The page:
(Contributed by Dr. Jessica Levy)
I love it when people say that they know their pet is not in pain. The dog who is three-legged lame, the cat hiding in the closet, the horse who refuses a jump, whose owners all announce, "He doesn't seem to be in pain. Yeah, he's limping, hasn't eaten in three days, and his eye is squinted shut and crusty, but he seems to feel fine!"
Look at the person next to you in line at the bank, on the next treadmill over at the gym, in the checkout line at the grocery store. What do you think? Are they just starting to get a migraine, having really bad period cramps, or holding in a fart? Guess what - YOU CAN'T TELL!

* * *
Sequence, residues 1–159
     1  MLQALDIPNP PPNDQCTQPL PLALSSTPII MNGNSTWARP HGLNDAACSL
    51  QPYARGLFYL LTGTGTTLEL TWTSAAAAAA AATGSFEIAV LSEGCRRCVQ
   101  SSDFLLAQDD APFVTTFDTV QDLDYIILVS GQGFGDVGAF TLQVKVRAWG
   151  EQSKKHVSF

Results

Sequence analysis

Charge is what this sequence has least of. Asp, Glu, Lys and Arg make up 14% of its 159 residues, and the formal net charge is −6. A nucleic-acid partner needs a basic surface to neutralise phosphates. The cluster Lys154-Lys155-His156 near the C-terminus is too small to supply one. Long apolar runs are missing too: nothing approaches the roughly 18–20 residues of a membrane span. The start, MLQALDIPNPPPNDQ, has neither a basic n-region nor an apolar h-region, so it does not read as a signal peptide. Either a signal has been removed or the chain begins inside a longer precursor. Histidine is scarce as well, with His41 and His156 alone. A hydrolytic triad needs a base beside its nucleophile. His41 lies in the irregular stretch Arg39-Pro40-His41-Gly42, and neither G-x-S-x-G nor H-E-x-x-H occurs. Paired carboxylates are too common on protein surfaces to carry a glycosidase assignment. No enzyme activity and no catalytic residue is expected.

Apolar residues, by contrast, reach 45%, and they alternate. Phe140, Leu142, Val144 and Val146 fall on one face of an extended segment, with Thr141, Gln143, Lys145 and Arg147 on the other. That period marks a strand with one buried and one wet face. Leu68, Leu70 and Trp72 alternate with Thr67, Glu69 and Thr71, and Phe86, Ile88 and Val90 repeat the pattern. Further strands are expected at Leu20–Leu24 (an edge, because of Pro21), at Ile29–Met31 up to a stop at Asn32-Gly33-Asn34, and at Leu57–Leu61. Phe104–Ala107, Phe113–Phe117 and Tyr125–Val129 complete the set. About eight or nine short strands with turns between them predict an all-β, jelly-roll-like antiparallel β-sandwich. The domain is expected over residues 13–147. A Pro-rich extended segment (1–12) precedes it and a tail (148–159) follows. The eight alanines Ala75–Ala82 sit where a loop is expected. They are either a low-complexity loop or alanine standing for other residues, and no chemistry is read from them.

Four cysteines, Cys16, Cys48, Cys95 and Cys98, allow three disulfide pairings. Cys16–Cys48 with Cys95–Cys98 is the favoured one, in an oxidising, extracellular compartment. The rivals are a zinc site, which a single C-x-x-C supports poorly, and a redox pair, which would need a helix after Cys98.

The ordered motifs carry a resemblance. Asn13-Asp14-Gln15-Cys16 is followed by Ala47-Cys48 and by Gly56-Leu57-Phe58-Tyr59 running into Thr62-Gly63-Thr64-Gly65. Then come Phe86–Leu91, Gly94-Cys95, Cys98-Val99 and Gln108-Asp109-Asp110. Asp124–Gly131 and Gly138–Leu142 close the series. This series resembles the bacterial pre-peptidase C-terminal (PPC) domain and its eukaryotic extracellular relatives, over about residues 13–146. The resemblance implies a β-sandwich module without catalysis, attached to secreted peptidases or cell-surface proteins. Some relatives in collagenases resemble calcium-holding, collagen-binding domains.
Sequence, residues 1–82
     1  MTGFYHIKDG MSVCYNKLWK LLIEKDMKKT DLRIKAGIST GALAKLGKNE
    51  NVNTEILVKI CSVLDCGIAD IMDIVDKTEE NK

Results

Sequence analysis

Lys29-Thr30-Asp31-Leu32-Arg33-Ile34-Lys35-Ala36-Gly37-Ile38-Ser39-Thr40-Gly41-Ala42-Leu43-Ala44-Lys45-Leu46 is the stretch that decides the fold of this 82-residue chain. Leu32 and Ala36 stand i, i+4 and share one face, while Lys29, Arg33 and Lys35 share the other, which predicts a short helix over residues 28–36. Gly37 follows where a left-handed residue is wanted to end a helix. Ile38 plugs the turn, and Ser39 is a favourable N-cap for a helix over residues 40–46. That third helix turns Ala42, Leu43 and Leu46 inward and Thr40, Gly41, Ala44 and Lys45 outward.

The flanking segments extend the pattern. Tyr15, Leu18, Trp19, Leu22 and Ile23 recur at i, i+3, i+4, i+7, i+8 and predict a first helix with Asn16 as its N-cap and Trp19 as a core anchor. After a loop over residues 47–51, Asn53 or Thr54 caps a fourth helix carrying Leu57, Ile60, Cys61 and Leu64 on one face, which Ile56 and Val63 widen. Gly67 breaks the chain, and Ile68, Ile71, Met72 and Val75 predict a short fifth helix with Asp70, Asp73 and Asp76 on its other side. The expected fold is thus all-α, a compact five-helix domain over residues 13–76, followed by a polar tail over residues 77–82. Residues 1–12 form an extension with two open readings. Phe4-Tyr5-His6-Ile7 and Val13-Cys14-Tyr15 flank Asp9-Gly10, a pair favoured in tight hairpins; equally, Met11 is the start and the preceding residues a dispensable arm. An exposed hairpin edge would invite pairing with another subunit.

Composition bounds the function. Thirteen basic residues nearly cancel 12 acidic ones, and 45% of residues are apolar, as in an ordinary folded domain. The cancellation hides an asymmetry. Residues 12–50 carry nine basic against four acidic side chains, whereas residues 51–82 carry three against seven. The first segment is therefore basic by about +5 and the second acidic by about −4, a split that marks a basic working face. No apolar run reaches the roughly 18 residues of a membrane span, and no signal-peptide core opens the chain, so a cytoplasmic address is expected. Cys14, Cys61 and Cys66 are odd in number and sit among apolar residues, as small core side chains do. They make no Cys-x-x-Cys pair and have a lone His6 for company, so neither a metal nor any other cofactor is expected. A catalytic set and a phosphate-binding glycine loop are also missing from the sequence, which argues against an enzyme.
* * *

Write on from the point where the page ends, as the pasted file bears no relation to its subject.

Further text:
Why the heck would we think we know what our pets are feeling? Are we a nation of animal communicators? (And don't even get me started on that topic!) Are we all psychic? Have we all dropped so much acid that now we can see auras? Not likely!
Bottom line, we have no idea what any person or animal is feeling. All we can base our assumptions on is what is thought to be normal for that animal or that species. When dogs are not in pain, they use all their limbs equally. When cats feel good, they are friendly and active. When horses feel limber and flexible, they take the jump with ease and confidence. And even these assumptions will get us fooled sometimes.